The old saw about Memorial Day in baseball is that it's the first time you're "allowed" to look at the standings and leaderboards, if you're a fan. If you actually run a team, the date serves as a milestone on the season calendar, when hard opinions about the roster you've constructed start to be formed.
Well, we're 10 days past Memorial Day, so what does all of this say about the New York Yankees? I guess it depends on your perspective.
Fans: This team's offense stinks. It's scoring fewer than four runs per game and ranks in the game's bottom five. It's horrendous. Who put this mess together?
The people who actually put this mess together: We are better than this.
The latter is a paraphrase, but it sums up the approach so far by New York's brain trust, which is to tout the performance records of the hitters they've assembled and suggest that the season will be rescued by the good kind of regression to the mean.
The thing is, both perspectives are right.
The track records were strong enough to generate a forecast in my system of 97 wins for the Yankees, the second-highest total in baseball behind the Dodgers. But as the 2021 data rolls in and we lean into the middle third of the season, that projection has been steadily falling. Even after the Yankees thumped hapless Minnesota for a second straight night on Wednesday, it has fallen to 89.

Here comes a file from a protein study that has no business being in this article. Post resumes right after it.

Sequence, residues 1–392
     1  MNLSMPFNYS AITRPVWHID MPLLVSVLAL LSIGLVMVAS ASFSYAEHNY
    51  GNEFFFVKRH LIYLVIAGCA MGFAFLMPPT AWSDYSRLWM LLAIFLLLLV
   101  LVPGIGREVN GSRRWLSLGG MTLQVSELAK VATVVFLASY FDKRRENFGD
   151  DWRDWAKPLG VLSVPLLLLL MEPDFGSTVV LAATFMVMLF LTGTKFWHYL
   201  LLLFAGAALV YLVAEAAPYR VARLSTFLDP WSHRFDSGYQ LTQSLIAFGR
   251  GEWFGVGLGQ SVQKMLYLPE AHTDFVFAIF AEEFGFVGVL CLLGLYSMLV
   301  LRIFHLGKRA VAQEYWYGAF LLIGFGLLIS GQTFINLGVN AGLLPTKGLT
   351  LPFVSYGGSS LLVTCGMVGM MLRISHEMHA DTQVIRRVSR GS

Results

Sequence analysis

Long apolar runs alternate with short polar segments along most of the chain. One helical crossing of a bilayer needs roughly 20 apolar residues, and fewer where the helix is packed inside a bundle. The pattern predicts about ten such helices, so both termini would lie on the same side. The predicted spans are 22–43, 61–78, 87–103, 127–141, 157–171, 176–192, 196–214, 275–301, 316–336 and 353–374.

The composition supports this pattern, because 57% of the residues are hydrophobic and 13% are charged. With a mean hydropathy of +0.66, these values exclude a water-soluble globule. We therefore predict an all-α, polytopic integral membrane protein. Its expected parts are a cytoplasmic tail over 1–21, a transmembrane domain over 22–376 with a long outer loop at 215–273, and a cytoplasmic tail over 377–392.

That's not a disastrous outlook, of course, so it's far too early for New York fans to write off the season. That's true even as the messages from general manager Brian Cashman and his manager, Aaron Boone, are drowned out by the howls for change, which have become increasingly shrill. Still, whether it's the performance of the current roster or the names in the lineup or the name of the one making out that lineup, something has got to change. And perhaps with 17 runs in two nights at Target Field, that change is already underway.
To understand how likely it is that the Yankees can still become the team we thought they were, we need to understand just where they've fallen short. Yes, it's offense, but that's a large canvas.
So let us try to be a little more targeted and a little more specific by offering five numbers that illustrate what's broken in the Bronx, and how (or if) it can be repaired.